Companies, small, medium, or large, and startups, have few things in common – they can all find themselves, during any point in time, getting knocked by a crisis. The problem or crisis may strike during any juncture, and it may occur in any form – be it financial considerations, product-association, public relations motivated, human resource driven, internal affairs, obliged by the market, or legally forced.
According to Murphy’s Law, “If anything can go wrong, it will." Consequently, in spite of taking all of the essential steps and strategies for management, a crisis may catch an organization completely unprepared and unconscious. Thus, crisis management becomes a very imperative management tool to handle, or solve a crucial situation.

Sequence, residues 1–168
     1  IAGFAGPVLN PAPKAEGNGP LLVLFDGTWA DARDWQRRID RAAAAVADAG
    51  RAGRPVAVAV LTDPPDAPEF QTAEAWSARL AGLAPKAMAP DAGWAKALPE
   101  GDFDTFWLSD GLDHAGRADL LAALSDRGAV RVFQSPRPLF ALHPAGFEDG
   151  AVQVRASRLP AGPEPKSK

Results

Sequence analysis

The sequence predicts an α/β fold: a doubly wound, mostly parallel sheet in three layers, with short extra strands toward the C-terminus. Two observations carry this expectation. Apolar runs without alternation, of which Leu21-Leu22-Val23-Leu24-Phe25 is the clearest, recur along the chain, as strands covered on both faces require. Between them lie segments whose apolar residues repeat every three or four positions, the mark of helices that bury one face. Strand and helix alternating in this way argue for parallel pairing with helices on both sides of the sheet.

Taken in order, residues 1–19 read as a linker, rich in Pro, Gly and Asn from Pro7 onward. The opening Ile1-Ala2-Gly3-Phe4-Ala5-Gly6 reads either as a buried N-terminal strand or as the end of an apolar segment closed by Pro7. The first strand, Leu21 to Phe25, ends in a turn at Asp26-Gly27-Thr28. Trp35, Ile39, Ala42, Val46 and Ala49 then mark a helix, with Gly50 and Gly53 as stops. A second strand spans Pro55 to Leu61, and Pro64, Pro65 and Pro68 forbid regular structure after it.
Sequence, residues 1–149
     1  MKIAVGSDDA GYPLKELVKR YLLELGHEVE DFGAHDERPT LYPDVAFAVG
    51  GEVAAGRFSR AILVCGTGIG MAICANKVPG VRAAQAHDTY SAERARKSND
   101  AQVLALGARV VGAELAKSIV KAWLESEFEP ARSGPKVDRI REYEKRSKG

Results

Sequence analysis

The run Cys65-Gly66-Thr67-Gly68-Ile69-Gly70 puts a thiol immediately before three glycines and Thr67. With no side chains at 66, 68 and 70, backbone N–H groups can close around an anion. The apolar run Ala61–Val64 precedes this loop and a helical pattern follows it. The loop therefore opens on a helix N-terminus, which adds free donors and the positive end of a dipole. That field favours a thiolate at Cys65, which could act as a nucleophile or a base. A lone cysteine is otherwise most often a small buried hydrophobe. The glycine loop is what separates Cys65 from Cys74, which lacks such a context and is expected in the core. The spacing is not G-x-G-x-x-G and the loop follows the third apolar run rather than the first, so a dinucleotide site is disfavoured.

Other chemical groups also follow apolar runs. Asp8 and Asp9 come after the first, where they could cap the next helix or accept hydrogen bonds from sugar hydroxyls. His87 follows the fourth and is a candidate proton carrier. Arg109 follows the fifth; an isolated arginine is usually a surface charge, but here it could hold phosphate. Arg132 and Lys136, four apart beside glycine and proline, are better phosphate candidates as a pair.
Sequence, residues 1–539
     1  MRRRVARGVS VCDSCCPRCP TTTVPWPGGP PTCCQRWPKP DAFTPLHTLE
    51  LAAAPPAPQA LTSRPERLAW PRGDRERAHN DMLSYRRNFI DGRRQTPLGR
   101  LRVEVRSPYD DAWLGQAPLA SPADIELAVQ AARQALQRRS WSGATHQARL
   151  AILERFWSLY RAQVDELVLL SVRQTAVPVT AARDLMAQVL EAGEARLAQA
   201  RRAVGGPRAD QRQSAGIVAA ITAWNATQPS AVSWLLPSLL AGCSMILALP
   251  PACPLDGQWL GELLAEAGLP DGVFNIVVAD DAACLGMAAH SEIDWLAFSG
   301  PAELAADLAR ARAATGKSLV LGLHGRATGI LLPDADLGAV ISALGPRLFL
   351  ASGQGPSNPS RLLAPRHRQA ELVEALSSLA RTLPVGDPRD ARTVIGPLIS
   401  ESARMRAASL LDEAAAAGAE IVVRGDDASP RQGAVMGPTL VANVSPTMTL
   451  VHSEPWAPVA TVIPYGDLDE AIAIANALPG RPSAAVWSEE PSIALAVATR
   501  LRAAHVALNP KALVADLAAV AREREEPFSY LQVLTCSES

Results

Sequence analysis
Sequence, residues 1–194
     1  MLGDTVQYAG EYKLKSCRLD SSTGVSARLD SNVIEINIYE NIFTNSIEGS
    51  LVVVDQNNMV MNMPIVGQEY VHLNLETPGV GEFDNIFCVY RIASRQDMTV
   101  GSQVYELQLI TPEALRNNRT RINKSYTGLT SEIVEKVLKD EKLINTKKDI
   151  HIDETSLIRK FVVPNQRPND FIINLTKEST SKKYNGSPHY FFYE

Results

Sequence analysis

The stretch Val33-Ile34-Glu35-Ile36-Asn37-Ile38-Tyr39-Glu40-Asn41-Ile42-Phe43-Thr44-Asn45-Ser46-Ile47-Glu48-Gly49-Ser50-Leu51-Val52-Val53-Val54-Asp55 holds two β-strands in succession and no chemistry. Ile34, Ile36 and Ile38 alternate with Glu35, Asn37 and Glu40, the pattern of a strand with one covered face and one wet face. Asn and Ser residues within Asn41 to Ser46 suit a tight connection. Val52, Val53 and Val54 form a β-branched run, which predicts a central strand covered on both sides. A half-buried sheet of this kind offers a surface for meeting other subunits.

Crisis management includes a business plan of action which is rapidly implemented as a negative occurrence arises.
It defines a business crisis as an issue which:
1) Disrupts the way a company conducts business, or
2) Attracts substantial public examination, scrutiny or news media coverage. Usually, these crises hold the ability to propel a negative, legal, financial, governmental, or political repercussion on the business, particularly if the business isn’t handled in an effective and prompt manner.’
Negative publicity, which ensues from the crisis, includes an extra tricky portion to deal with. Just as it’s critical to take efficient and instantaneous measures to solve the issue, it’s just as significant and proliferative to efficiently deal with media attention and questions from dealers, creditors, and customers.